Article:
Shop, Eat, Play in Futako Tamagawa: An Area Guide

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Head to the banks of the Tama River and discover why this neighborhood’s blend of modernity and natural beauty has seen it rise high on Tokyo’s livability index.

Sensual Serenity

Stepping out from the station’s East Exit leads you straight into the dominant landmark of the area: the sleek and sprawling Futako Tamagawa Rise complex. Open since 2015, it comprises high-rise apartment towers, popular retail outlets, cafés, restaurants, a cinema and temporary event spaces to enjoy activities such as ice skating during winter. One of the more popular shops here is the two-story Tsutaya Electrics. It sells a variety of lifestyle products and state-of-the art luxury appliances for the home and aims to give shoppers a more personalized, first-hand experience of many of the items for sale. The interior design exudes relaxation, with subdued ambient lighting, plenty of decorative plants and lots of furniture to relax in with a coffee while browsing through a magazine.

Brews and Views

With the headquarters of Rakuten occupying one of the nearby towers, it should come as no surprise to find an abundance of upmarket international dining options nearby, such as the local branch of renowned Spanish gourmet deli and pastry shop Pastelería Mallorca. Gentrification and modernity may have made their mark but there are still plenty of traditional places, especially in the area around Tamagawa Takashimaya department store, which holds the accolade of being the first of its kind to open in the suburbs in 1969. Across from the roof garden on its seventh floor, which includes a mini waterfall feature, is the recently opened Park & Terrace Osoto. A stylish outdoor setting with a view over the Tama River, it’s a great spot for lunch, dinner or a quick rest. Down below, there are plenty more drinking and dining options, old and new blending comfortably together around the pedestrianized backstreets. Craft beer lovers should head to Futako Brewery, which features seven beers on tap including its own Futako Ale made from locally grown barley.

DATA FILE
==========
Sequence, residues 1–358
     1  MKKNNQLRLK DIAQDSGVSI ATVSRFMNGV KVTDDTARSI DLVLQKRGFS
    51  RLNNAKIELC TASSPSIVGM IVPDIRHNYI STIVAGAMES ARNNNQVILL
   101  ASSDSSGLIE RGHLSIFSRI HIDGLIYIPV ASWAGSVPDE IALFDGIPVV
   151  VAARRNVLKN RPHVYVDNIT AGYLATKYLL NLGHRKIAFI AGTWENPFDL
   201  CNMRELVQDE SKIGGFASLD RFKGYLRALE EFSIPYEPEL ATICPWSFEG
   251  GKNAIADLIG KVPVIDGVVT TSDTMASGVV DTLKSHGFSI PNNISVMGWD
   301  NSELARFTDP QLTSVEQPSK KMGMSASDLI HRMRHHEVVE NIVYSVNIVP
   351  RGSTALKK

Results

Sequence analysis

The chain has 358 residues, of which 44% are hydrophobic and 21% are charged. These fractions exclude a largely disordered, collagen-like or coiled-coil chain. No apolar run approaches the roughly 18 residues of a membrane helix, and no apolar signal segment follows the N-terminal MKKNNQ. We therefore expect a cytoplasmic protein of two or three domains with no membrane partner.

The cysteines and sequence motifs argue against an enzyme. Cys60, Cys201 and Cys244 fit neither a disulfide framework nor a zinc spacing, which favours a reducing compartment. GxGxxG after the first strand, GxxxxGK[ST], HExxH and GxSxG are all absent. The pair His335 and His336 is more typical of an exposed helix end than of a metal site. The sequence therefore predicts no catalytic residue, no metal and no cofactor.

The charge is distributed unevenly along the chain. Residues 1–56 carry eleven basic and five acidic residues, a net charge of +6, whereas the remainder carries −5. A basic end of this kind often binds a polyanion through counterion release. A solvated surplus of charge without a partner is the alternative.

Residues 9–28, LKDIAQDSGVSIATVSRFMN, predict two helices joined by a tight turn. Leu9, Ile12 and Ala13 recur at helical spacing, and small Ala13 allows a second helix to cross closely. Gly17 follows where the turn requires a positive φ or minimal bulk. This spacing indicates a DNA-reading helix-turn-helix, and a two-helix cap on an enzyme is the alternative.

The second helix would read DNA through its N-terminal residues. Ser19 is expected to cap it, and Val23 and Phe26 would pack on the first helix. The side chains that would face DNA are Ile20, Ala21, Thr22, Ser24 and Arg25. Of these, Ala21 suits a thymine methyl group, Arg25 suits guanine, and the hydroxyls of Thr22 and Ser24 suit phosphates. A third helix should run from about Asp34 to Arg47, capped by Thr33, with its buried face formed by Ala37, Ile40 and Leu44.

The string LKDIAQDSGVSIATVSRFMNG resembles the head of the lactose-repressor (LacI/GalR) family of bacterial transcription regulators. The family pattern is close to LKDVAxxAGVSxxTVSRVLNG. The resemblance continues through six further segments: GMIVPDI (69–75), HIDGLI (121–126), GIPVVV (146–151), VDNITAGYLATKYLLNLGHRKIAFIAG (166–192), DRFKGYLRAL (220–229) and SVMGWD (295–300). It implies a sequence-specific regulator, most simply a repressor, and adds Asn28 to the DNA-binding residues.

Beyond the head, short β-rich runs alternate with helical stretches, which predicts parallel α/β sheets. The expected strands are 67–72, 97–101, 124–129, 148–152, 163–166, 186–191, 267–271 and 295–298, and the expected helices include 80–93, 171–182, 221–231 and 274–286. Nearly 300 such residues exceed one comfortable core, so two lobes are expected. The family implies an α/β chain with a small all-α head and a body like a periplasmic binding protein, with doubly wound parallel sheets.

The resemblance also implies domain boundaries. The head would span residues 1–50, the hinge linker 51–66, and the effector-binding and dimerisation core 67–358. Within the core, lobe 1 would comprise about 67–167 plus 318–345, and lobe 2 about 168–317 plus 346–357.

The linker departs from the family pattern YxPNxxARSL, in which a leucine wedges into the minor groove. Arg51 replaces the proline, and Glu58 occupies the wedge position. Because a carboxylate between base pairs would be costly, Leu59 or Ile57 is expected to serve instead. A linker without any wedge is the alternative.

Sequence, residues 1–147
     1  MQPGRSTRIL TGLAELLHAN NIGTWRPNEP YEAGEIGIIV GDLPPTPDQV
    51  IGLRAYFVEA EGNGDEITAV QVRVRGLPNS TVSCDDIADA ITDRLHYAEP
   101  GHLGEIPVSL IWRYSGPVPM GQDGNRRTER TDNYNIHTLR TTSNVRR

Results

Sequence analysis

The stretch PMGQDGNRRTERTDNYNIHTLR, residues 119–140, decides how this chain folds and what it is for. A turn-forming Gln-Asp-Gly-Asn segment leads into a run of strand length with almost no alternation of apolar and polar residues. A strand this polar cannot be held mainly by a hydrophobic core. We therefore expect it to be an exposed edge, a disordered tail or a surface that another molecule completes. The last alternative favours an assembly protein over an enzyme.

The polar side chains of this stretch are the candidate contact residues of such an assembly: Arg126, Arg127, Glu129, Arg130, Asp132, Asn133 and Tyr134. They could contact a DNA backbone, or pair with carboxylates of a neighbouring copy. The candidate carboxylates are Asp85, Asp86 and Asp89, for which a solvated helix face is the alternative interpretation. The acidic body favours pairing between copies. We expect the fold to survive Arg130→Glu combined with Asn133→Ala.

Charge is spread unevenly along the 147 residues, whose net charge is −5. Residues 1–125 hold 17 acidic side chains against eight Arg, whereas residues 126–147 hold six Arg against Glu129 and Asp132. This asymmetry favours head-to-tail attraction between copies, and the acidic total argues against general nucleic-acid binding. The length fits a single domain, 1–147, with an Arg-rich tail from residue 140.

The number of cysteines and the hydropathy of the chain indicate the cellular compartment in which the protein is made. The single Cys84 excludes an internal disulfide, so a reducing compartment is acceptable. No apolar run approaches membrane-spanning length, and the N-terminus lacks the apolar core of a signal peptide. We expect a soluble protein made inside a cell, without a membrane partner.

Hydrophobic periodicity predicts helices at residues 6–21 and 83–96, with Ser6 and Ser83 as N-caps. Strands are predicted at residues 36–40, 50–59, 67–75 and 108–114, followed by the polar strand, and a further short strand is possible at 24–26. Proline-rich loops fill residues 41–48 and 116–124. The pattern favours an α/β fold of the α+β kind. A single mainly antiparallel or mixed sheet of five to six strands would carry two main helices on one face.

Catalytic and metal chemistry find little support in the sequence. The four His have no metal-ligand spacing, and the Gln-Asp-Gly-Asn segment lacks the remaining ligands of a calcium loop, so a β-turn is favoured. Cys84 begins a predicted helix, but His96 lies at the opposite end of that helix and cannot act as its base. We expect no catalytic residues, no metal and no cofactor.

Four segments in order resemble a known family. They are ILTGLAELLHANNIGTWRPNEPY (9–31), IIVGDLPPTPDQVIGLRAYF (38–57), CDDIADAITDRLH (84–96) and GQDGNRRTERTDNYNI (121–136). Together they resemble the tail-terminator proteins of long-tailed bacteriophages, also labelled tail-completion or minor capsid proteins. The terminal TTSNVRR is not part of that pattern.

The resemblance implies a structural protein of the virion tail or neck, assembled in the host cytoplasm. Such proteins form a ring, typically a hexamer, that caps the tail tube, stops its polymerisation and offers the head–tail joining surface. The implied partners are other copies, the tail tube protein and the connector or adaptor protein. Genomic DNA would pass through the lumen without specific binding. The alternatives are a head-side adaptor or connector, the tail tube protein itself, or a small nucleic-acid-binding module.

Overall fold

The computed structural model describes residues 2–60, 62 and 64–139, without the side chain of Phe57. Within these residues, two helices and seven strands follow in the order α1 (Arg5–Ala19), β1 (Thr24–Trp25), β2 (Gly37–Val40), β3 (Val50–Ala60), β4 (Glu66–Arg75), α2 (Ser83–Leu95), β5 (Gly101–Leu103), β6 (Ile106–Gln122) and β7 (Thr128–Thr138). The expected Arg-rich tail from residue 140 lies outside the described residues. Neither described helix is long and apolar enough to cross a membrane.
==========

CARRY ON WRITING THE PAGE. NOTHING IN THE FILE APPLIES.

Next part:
Green Day

The banks of the Tama River have long been a popular spot for summer barbecues and picnics. Huge crowds gather in August to witness the impressive fireworks festival where teams from both sides of the river try to outdo each other with their displays. The nearby Futakotamagawa Park is a well manicured spot to enjoy a bit of open space away from the crowds. Daytrippers will want to swing by Kishin-en, a small Japanese garden within the park that features a restored 100-year-old house sitting at the end of a crystal clear pond (visitors can take a peek inside on Sundays and the second Monday of each month). Head deeper into the suburbs to Okamoto Seikado Green Space for some more tranquil scenery. The sprawling grounds are home to the Seikado Bunko Art Museum, which contains more than 6,000 works of art including swords, wood carvings, paintings and calligraphy, and the Seikado Bunko Library. Behind the museum building is a viewing platform overlooking a beautiful garden that blossoms with seasonal flora and leads around to the secluded mausoleum of the Iwasaki family, founders of the Seikado Collection.

Indiana Jones and the Temple of…

A short walk from Futako Tamagawa Station is the fascinating Tamagawa Daishi Temple (Gyokushin Mitsuin), constructed in 1923. Visitors begin by paying their respects to deities before being directed to a small staircase that leads below ground and into a 100m-long winding tunnel – built to represent the intestines of Dainichi Nyorai (Supreme Buddha of the Cosmos). Plunging into darkness and silence, you’ll feel the temperature drop as you edge forward with only your right hand against the wall to guide you into the unknown. Eventually a shaft of light appears and you enter a dimly lit chamber containing 88 small, numbered statues in two rows that lead to a large reclining Buddha. You can’t help but feel a little like Indiana Jones as you try to locate the statue with your corresponding age (for a spot of fortune) before following another tunnel and returning to the world above.


Photographs by Stephan Jarvis

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